Eye For Film >> Movies >> Head Games (2012) Film Review
Reviewed by: Jennie Kermode
Have you ever experienced concussion? Most people do at some point in life. It might not seem like a big deal. You bang your head and feel dizzy, perhaps black out just for a second or two. Colours might seem wrong for a moment or you might find yourself seeing double. you might 'see stars'. The chances are you'll shrug it off and get on with whatever you were doing. But each time you suffer concussion, you've actually damaged your brain. If that damage doesn't get time to heal, it can lead to long term problems. In some sports, participants can suffer concussion several times in the same day.
Chris Nowinski played American football at university and went on to enjoy a short career as a professional wrestler. This ended after successive blows to the head left him with chronic headaches. Retiring from contact sports, he decided to put his Harvard education to good use and start researching the phenomenon of head injuries in sport. In 2006 he published the book Head Games, revealing a hidden crisis of startling proportions.
This documentary, led by Nowinski himself, is simultaneously an exploration of the phenomenon (known in medicine as chronic traumatic encephalopathy) and an attempt to bring it to the attention of a wider audience. His work has already led to rule changes in some professional sports but he's also worried about the many people who play at an amateur level - especially children, whose brains are more vulnerable. There's widespread ignorance about the dangers of concussion and some players commenting here say they prefer not to think about it. Meanwhile, athletes are dying in their forties, and sometimes even younger, from a dementia-like disease caused by a build-up of particular proteins in damaged parts of the brain.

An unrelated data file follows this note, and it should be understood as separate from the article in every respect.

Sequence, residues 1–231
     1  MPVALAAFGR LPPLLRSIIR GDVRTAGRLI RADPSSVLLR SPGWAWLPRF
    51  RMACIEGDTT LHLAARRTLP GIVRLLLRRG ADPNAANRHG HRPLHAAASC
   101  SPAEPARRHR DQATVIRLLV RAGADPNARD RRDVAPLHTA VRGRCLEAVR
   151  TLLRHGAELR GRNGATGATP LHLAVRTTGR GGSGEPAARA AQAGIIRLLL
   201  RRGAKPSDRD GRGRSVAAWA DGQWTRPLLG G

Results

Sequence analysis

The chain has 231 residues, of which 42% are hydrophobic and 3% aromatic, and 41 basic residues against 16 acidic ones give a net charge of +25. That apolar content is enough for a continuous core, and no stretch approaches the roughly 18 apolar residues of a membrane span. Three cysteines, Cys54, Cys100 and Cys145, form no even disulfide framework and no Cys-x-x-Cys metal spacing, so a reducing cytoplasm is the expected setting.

Few contemporary documentaries pack as much information into as short a time as this. The pacing leaves something to be desired and viewers unused to academic subjects may struggle a bit, finding that there's too much to take in at times and that it's slow at others. Overall, though, it does a good job of putting the important facts in simple terms, and animation is used effectively to illustrate the immediate effects of concussion. It also provides enough in-depth information to satisfy those with an existing interest in neurology and to provide a good starting point for those who want to investigate further.
Punctuating the film's drier stretches are a number of genuinely shocking moments. Several tragic personal stories are recounted but it's the scale of the problem that makes the biggest impact. Of course, there are a lot of vested interests in keeping sport just the way it is, and there's also cultural resistance to change. Most sports have adapted over the years to reduce obvious risks. The problem is that this one, because it usually manifests years after the act, is all too easily hidden.
Head Games will make you think again about how you participate in sport. Of course, some sports are safer than others and it's a shame that this isn't looked at in more depth, especially as some plyers seem to see it as a choice between doing what they love or doing nothing at all. It takes an inner city kids' coach to point out that playng competitive sport may still be a lot safer than burning off that energy and aggression by getting into trouble on the streets. But this is still an important wake-up call that sports players should heed, lest their eyes stay shut permanently.Reviewed on: 03 Oct 2012